I found that cancer Dx, Tx and post-Tx adjustment are all traumatic, esp. at a young age. It really changes your world. Regardless of your decision (or the outcome) of the legal case, the emotional issues are real and probably won't be completely resolved by a judgement. Plus the legal process takes time and may be emotionally wrenching too. Do you have access to any additional support? My local cancer support center offers free counseling and support groups. I also go to a Guided Imagery Group for cancer patients and it's been great. You don't need to be in active treatment to go. I still go and I'm three years post-Dx. There's one woman who comes who is a 17+ year BC survivor. I found this group to be super helpful. First, they talked about this process of adjusting to the "new normal." Also, when I get the BC heebie-jeebies (time for a mammogram or other screening tests) they are the best people I can talk to. My friends and family may mean well, but in my experience my best source of support is other cancer survivors.  Sending you good vibes as you move forward.

Dx 2/2011, IDC, <1cm, Stage IA, Grade 1, 0/3 nodes, ER+/PR+, HER2-
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Jan 15, 2014 09:58PM dlb823 wrote:

Jenlee, if you're thinking of doing anything, I'd suggest at least making some initial phone calls right away.  There is a statute of limitations that varies by state, but I'm thinking it might be as short as two years in CA.    So you need to be sure that doesn't slip away if this continues to plaque you.

Also, I'm under the impression that radiation images can be somewhat open to interpretation.  I think (again not sure) you would have to be able to prove that the radiologist's failure to recommend biopsy was totally out of line with what other radiologists (not just 1) would have concluded looking at the same images.  In other words, in radiology, sometimes there is no absolute right or wrong -- just very poor judgment.       Deanna

Deanna "The soul would have no rainbow if the eyes had no tears" Native American proverb Dx 2/1/2008, 1cm, Stage IIA, Grade 3, 1/16 nodes, ER+/PR+, HER2- Dx 1/3/2014, Stage IV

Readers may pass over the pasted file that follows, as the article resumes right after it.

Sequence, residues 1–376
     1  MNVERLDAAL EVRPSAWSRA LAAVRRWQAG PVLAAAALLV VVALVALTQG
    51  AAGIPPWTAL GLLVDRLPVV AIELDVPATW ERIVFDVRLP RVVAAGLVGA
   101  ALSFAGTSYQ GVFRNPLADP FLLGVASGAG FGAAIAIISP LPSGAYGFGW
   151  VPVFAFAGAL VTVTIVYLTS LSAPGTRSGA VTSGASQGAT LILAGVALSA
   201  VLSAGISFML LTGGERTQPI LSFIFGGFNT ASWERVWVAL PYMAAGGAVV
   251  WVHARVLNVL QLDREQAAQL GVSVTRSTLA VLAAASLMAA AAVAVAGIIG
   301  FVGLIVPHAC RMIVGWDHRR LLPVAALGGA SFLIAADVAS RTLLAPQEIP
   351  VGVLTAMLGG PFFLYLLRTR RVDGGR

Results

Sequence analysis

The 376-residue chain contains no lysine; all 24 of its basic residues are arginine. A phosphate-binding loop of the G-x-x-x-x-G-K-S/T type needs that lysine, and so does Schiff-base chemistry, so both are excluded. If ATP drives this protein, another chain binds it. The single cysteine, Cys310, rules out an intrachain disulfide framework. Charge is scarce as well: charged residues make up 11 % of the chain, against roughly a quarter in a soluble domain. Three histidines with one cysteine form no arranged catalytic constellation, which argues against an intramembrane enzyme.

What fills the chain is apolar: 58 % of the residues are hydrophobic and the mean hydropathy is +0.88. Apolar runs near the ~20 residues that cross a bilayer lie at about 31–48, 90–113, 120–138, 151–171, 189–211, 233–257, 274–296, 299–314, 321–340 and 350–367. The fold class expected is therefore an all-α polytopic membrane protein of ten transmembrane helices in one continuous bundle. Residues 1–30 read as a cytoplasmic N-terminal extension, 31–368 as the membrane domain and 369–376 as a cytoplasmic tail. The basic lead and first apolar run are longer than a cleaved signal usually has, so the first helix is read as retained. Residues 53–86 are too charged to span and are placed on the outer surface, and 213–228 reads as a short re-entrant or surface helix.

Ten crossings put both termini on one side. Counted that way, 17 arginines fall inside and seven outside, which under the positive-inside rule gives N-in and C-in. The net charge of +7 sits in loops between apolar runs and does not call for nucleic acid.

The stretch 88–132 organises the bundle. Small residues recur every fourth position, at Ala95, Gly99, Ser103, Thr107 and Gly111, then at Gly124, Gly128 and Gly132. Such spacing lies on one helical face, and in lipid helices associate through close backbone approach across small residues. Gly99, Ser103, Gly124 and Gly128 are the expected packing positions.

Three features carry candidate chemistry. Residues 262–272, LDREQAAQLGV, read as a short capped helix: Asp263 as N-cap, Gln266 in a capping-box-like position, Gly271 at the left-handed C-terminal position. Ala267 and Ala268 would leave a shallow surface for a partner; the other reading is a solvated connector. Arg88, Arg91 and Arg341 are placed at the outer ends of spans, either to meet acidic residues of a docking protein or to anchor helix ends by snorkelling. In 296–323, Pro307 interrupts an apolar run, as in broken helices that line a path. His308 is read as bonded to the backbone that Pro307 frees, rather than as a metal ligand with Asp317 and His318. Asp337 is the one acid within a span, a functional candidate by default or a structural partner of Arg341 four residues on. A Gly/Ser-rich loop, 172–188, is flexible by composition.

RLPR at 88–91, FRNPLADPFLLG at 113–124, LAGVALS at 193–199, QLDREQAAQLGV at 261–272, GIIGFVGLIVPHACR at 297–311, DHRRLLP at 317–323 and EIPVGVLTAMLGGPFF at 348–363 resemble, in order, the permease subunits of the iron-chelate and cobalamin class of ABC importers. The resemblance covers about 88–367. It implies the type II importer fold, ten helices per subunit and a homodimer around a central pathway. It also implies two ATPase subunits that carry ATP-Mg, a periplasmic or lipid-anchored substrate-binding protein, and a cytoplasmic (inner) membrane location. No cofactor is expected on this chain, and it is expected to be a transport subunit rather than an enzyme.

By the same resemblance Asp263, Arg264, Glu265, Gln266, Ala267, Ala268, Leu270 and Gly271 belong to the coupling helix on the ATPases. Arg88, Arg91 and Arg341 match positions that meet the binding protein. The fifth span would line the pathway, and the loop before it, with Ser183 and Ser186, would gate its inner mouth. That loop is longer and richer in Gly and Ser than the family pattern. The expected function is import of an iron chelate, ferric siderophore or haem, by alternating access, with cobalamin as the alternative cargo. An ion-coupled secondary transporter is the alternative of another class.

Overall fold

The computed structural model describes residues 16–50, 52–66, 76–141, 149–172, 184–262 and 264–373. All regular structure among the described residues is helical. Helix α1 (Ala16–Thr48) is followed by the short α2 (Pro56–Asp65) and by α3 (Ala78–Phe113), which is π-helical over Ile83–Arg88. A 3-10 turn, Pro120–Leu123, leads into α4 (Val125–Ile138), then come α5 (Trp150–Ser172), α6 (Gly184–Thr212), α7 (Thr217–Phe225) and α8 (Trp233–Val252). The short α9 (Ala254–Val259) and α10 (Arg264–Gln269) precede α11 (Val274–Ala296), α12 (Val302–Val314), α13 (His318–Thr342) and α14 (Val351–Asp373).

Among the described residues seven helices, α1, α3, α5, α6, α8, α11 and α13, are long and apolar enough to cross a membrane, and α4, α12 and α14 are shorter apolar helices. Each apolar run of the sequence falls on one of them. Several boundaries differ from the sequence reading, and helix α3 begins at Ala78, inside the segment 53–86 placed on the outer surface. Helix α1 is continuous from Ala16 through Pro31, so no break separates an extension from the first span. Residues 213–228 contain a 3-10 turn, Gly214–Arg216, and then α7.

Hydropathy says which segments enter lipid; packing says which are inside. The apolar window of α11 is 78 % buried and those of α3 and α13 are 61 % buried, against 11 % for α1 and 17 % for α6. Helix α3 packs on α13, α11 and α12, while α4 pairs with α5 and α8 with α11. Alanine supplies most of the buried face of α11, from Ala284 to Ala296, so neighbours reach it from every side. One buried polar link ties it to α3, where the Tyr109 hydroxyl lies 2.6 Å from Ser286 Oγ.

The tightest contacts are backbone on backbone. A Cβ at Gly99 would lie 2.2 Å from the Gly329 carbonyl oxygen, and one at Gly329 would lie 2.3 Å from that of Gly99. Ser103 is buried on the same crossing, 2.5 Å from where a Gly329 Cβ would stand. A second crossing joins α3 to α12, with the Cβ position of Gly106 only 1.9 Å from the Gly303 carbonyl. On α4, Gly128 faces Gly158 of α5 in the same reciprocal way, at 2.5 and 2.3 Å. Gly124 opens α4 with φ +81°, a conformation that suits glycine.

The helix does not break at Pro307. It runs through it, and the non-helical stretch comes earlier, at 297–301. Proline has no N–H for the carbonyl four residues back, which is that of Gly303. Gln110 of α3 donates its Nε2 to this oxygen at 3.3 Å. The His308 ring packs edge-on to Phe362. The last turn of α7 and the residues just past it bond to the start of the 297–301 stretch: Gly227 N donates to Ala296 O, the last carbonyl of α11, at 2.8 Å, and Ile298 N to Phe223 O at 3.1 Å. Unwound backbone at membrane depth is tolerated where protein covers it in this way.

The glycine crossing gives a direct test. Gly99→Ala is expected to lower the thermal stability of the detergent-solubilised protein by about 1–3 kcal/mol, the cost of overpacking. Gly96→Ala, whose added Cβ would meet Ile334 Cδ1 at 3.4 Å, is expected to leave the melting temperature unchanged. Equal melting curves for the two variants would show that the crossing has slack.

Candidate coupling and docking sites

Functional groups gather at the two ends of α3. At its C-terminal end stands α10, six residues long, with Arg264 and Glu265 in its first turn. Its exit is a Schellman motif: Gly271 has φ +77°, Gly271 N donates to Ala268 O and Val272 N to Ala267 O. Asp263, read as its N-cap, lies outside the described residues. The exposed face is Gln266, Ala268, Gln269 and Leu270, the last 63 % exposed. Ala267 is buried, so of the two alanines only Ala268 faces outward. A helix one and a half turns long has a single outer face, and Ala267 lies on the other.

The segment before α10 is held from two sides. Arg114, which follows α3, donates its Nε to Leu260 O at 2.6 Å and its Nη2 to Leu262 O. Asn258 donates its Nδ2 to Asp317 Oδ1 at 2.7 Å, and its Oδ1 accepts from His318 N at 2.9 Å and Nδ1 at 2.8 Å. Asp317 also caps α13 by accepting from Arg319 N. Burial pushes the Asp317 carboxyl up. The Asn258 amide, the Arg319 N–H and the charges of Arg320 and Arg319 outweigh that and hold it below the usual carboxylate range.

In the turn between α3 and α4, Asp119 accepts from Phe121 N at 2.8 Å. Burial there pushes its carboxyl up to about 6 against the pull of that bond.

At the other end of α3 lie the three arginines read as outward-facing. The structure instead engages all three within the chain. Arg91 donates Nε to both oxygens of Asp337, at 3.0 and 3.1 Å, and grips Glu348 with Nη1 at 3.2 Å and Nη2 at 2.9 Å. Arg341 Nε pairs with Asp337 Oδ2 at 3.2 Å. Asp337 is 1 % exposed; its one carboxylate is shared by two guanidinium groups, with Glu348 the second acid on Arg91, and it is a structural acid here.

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Jan 15, 2014 11:02PM ziggypop wrote:

Hi Jenlee - 

Your post brings up a lot of issues that are maybe as or more important than if you decide to sue. If you do sue, the best that would happen is that you would get a financial settlement that would make your life easier in some ways - but it would take a fair amount of time and energy & I wonder if that's really the way that you would want to spend that time & energy. 

I hope I'm not overstepping here, but I noticed that you said you've " learned from these boards and from the BCO.org Facebook pages that my chances of survival with my type of cancer are substantially lower than my doctors have led me to believe." If you have stage2 breast cancer grade 2 with no node involvement & you did TAC & I'm assuming are on Tamoxifen, then your chances of survival are very good. I plugged your figures into cancer math & assuming TA and tamoxifen, it shows a mortality rate of less than 10 % over 15 years. 

I'm wondering if it might be that it would be better to work on getting yourself into the best physical and emotional 'space' as possible, rather than venturing into a lawsuit. I'm around the same age as you - was diagnosed at 51 and was active fit and healthy. It's around this time that we begin (I think) to really 'change' in appearance anyway the grey appears, we have to start wearing cheaters, wrinkles begin, age spots all the sudden show up, the undersides of our arms droop, etc. Throw chemo and surgery and worry on top of that & hell yeah we feel like we look like an entirely different person. The thing here is that while you think that you look like you're 70, I doubt that anybody else does. 

Here's the part of your post that I  think is the more important thing than a possible lawsuit - this sentence- "I've become so self-conscious and socially awkward and avoid many events at my daughter's school and other areas of our lives, because I'm so incredibly uncomfortable with my appearance." See, you did all this very hard stuff, so that you could live to do things like go to your daughter's school events, and it seems so sad to me that you would miss those events because you feel socially awkward - and I am sure that you do not look anywhere near as bad as you think you do (most of us judge our own appearance so much more harshly than others do).